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National Chambal Sanctuary

30 December, 2015

Very seldom do you happen to plan a trip which covers places never heard before and still leaves a mark, exceeding all your expectations!

It was only by chance that I ended up visiting National Chambal sanctuary as my friends didn’t want to celebrate New Year at any ‘conventional’ partying destination. It was the notion of doing something different that led us to decide on National Chambal sanctuary. NCS was a name not many had heard. But the source it came from said: if you’re a wildlife lover, there’s much more to explore in Madhya Pradesh apart from graceful tigers of Bandhavgarh and Kanha.

NCS is a tri-state protected riverine sanctuary on the river Chambal. Sheltering the critically endangered Ghariyal, red-crowned roof turtle and endangered Ganges Dolphin, the sanctuary covers an area of 540 sq km. It is located 30 km from the city of Morena and 70 km from Agra.

We started off from Bhopal in a friend’s newly bought XUV.

December! What a month to be on a roadtrip in the centremost part of the country. Riding past the mustard fields that swayed charmingly in cool breeze underneath a lukewarm sun, enjoying ‘garadus’ draped in exotic masala and occasionally stopping at roadside stalls for multiple cups of chai, it was one indulgent drive to Morena.

Legend insists that river Chambal was formerly known as Charmanyavati – originating from the blood of thousands of cows sacrificed by the Aryan King Rantideva. Such dark myth kept the river from being called ‘holy’, hence it proved to be a boon as Chambal flows ostentatiously without much human intervention in the heart of India; natural, pristine, free from pollution.

We arrived in Morena in the evening. Despite having no booking for accommodation luckily we sought vacancy in a forest rest house in Devri. The twilight air carried birds’ chirp. Behind the rest house was Ghariyal Breeding Centre where they were separated yearwise and at the age of four they’d be released into the wild.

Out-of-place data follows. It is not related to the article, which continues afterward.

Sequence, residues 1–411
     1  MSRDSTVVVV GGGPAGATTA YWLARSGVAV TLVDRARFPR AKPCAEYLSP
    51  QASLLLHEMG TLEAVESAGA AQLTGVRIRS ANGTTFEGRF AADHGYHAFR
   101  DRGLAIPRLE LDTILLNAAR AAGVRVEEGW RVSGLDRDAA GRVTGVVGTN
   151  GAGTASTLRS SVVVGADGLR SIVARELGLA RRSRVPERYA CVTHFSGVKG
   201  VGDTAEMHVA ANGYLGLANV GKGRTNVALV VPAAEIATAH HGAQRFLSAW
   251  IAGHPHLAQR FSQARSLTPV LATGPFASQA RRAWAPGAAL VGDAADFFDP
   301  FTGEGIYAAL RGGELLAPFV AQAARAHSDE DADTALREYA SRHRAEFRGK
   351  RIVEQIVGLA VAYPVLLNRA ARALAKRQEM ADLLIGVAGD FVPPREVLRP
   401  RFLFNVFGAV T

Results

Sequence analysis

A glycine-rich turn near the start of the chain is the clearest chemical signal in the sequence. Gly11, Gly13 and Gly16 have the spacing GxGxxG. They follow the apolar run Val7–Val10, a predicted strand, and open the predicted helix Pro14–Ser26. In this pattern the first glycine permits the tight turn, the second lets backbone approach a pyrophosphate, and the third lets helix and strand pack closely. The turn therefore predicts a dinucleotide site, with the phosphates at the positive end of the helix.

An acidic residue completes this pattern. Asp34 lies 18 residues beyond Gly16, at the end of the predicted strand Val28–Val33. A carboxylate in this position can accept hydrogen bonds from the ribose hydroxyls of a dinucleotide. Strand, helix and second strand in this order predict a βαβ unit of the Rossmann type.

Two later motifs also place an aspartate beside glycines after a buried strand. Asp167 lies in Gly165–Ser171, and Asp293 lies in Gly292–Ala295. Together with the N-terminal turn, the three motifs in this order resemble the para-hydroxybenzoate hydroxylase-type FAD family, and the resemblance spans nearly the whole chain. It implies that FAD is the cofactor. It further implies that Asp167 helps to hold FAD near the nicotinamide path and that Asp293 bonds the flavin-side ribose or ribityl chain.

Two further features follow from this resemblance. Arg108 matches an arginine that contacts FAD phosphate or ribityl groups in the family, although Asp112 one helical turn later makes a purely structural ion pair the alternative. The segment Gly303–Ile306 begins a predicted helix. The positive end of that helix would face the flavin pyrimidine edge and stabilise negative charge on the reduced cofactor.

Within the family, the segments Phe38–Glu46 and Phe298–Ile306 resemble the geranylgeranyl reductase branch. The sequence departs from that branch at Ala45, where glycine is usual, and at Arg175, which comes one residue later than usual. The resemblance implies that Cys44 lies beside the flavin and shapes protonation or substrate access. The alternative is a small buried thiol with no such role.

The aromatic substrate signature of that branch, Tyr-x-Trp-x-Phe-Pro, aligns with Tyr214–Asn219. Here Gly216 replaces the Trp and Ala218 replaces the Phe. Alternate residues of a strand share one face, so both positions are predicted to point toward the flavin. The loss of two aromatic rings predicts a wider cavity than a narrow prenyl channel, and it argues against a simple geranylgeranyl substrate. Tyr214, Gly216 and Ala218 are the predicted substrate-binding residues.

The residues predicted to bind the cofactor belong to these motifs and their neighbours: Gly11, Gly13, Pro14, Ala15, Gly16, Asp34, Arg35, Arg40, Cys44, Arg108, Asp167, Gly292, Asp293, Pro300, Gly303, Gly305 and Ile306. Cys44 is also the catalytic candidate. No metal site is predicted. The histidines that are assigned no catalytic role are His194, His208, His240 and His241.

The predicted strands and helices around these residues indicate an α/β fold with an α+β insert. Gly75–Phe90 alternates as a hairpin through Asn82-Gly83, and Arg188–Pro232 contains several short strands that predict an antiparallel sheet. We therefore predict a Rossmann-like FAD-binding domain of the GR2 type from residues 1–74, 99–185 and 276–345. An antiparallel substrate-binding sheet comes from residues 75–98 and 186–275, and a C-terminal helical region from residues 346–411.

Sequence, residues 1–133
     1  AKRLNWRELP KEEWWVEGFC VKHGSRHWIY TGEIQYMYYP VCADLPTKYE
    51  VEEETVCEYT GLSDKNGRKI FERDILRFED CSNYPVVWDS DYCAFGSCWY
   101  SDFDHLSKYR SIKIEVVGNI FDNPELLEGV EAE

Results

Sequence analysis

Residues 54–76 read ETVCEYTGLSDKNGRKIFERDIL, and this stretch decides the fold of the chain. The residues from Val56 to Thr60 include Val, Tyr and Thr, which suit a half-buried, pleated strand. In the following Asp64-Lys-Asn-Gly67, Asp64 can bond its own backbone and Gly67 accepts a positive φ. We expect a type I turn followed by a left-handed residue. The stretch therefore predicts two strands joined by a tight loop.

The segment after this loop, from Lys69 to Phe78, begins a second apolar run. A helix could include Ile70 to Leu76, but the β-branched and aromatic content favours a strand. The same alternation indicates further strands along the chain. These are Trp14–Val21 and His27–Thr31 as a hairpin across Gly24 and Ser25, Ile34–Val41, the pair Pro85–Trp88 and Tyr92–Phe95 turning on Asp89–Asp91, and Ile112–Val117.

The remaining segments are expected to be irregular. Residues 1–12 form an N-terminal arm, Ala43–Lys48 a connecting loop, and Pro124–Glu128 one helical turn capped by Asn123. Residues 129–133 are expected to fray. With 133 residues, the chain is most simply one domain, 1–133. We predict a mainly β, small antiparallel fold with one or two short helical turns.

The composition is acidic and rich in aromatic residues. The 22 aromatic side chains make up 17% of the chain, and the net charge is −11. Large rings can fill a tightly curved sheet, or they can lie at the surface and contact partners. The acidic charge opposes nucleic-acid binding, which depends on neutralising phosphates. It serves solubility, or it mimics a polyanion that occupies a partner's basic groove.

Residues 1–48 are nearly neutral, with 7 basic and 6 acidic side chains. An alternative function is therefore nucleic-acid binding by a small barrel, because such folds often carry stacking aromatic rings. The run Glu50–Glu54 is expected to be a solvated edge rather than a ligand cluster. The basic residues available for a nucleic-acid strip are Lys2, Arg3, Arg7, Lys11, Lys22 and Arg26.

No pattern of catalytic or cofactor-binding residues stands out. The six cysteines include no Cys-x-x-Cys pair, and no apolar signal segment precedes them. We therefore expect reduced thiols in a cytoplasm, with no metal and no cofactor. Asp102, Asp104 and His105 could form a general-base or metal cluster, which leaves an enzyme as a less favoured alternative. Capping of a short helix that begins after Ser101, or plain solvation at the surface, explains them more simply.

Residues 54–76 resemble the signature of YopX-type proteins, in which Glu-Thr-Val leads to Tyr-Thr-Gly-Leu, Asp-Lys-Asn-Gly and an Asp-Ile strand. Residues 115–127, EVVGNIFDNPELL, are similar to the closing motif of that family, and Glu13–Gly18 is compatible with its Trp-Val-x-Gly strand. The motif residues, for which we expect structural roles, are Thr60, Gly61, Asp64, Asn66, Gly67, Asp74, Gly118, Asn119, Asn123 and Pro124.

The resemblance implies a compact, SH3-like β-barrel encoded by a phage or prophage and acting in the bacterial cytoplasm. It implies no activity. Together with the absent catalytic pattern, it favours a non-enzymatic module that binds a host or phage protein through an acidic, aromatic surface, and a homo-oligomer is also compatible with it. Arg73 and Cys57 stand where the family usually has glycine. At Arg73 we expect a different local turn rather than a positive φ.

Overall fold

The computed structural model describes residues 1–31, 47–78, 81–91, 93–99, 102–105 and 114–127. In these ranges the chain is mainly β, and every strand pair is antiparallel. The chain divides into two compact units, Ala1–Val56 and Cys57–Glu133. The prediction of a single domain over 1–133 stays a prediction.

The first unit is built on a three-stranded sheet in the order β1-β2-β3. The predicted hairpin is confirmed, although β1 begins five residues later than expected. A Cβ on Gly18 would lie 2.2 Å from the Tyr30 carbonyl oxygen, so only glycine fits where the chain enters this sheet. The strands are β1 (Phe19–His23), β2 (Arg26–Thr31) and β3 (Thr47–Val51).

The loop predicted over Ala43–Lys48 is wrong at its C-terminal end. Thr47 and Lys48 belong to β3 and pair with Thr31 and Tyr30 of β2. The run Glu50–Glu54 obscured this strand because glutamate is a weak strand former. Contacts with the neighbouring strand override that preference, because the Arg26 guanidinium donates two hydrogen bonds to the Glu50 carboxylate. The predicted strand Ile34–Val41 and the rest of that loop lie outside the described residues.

Next dawn came with an adrenaline rush as we stood by our guide and boat on the banks of Chambal at 6 am. With the first light of the day, the calm of the river broke and two Gangetic Dolphins flew up tearing the sheet of water, took a royal roll and submerged back into the river. ‘Happy New Year!’ I murmured to myself. Gangetic Dolphin is a blind creature that navigates through sonar on its head.
About half a dozen ghariyals were resting on the bank and numerous were in the river. It was thrilling to come close to one of the most ferocious reptiles. Nothing less than an ardent adventure as we drew close to them with goosebumps all over the body! Sighting of red crowned turtles was rare but the place surely was a birdwatchers’ heaven, offering multitude of species and their mellifluous chant. It is listed as an Important Bird Area as the species here include Sarus Crane, Pallas’ Fish Eagle, Indian Skimmer, etc.

The camera kept clicking but, like i always say, it couldn’t capture what the eyes had seen and senses had felt!

An exotic ride came end. The guide bode farewell advising us to visit Mitawali and Padawali temples near Morena.

After drooling over the Forest Rest House’ delicious lunch, we headed for the temples which were spectacular beyond words!

The evening was spent on foot exploring the local markets of Morena. It had started to get foggy when we went inside a diner. The tempting smell of freshly prepared warm ‘gajjak’ lingered in air. We indulged and how!

Exhaustion of two days hung heavy and easily showed in our eyes. But faces were still radiant. A small journey with big memories was coming to an end.

The moon ruled the sky with pride and grace. And a group of friends strolled slowly in the hazy streets of a place which is believed to be dry and arid, yet the thirst to explore it had quenched and how!

Swapnil Gaur
For mptravelogue.com

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